• Infrastructure: unused {lavish buildings, swanky airports, highways, hosting a mega sporting event, etc}. Pettis claims: Arizona housing tracts, Dublin apartments, Spanish airports, Chinese ghost cities, etc.
• Financial assets: overvalued securities.
• Investment in zero-sum games (eg: Softbank – WeWork and Uber; What about SuperPACs – too small in scale?)

### 1.2 Can savings increase be somehow avoided, even under increasing inequality?

Needs transfer of wealth from the rich to the poor. (eg: redistributive taxation to fuel consumption)

1. Wealthy households "consume" proportionally to income. Generically unlikely to happen, but one set of possibilities eg: by funding charity, research(alternatively seen as productive investment), etc (eg: Gilded age; Bill Gates). Also, politically unsustainable in a democracy.
2. Lower savings from poorer people to offset increased savings from wealthy people. eg: debt-fueled consumption (eg: student, home, credit-card loans; health-care funding?) but this is only possible whe there is an asset bubble (borrow against assets with increasing value, eg: houses, college degrees, etc.)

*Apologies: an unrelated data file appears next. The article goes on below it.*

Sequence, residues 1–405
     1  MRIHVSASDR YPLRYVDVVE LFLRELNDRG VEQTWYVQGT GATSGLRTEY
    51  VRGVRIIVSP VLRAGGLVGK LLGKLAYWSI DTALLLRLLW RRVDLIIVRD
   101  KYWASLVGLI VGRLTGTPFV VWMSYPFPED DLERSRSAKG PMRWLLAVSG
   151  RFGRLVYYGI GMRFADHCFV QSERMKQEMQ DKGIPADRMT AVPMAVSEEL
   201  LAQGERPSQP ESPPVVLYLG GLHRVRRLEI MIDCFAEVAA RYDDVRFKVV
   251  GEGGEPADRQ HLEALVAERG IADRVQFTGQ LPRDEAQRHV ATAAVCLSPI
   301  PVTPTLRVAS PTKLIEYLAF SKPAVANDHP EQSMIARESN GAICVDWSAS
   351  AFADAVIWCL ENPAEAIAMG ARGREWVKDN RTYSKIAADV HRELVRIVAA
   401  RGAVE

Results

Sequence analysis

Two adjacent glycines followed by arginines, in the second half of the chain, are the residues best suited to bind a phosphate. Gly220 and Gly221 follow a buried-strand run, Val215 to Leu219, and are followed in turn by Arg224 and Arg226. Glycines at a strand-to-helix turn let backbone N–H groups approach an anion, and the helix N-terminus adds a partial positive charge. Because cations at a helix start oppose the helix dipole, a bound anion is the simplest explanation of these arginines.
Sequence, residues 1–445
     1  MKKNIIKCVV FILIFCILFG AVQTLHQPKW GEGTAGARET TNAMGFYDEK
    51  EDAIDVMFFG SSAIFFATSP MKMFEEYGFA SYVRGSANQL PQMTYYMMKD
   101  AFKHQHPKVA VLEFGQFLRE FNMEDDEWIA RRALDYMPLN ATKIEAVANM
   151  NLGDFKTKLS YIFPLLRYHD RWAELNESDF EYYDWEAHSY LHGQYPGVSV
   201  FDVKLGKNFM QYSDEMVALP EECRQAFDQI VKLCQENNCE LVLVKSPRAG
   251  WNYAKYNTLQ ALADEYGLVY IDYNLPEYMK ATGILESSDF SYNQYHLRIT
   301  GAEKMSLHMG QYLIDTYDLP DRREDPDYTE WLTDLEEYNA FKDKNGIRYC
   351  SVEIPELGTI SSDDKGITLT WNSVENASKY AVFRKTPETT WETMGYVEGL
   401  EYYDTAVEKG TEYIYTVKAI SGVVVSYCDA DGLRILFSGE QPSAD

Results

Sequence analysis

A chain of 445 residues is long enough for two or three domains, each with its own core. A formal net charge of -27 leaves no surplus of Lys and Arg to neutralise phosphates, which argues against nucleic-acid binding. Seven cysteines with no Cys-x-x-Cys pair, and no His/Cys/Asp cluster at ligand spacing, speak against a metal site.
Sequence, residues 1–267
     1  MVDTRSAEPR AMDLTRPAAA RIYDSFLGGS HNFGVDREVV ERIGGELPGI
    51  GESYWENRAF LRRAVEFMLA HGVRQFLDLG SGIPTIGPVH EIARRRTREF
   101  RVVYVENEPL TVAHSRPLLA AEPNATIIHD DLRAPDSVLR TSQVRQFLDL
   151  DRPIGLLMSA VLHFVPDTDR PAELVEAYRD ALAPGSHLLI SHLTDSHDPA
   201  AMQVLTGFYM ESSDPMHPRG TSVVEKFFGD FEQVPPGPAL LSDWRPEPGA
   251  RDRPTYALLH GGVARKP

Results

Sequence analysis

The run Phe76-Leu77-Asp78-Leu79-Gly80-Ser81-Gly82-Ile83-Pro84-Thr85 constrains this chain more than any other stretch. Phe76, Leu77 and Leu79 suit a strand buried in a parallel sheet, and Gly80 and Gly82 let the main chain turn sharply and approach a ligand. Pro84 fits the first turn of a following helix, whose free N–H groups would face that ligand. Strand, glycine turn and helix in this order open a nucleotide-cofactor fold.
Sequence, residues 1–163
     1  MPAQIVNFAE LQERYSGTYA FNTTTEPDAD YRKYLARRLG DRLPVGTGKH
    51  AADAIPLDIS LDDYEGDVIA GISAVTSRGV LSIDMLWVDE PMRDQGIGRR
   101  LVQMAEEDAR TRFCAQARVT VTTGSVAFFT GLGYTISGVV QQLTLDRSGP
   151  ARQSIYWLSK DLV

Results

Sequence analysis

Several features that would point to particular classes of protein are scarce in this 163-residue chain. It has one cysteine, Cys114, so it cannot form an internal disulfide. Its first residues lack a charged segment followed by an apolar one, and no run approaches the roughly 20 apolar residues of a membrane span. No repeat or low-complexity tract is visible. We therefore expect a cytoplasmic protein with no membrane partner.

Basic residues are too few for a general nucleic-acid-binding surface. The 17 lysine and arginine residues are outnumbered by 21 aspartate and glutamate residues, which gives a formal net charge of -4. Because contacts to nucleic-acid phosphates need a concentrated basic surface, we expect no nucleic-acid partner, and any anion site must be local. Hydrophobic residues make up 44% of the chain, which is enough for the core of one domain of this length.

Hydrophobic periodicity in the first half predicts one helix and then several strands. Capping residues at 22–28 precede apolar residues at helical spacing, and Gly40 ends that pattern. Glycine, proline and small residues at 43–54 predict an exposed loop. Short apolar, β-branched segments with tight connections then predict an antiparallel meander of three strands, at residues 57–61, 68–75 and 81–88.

• Note: An (eventual) debt jubilee is akin to redistributive taxation, except morally unfair in punishing poor savers who held off unwise consumption (hence politicallly untenable, unless done "uniformly" eg: universal college education)
3. Increasing unemployment, so that you have a segment of population whose income drops to zero but consumption cannot, so they contribute negative to savings (either dip into their own savings, or borrow from others savings, or welfare from govt., or crime, etc.). This also reduces GDP, thereby reducing savings (since basic consumption will remain constant)

### 1.3 Universal thrift, and the tragedy of the commons

• Bernard Mandeville's Fable of the bees was considered "un-christian" for stating that spending by the rich was good for the poor, and everyone becoming thrifty would be a disaster! (Interesting relation to Max Weber's Protestant ethic and the spirit of capitalism)
• John Hobson, Confessions of an economic heretic (~1930s)
• Thrift is great at an individual level; why not at the universal level?
• Thrift is either productive investment, or optionality by deferring consumption. If nobody is doing enough consumption today, the cycle breaks and economic flywheel decelerates. If everyone held on to money for optionality, no-one would be doing any value-generating activity. Yet another tragedy of the commons! (let others spend today, and I shall spend tomorrow when I might get more bang for the my buck, compared to today!)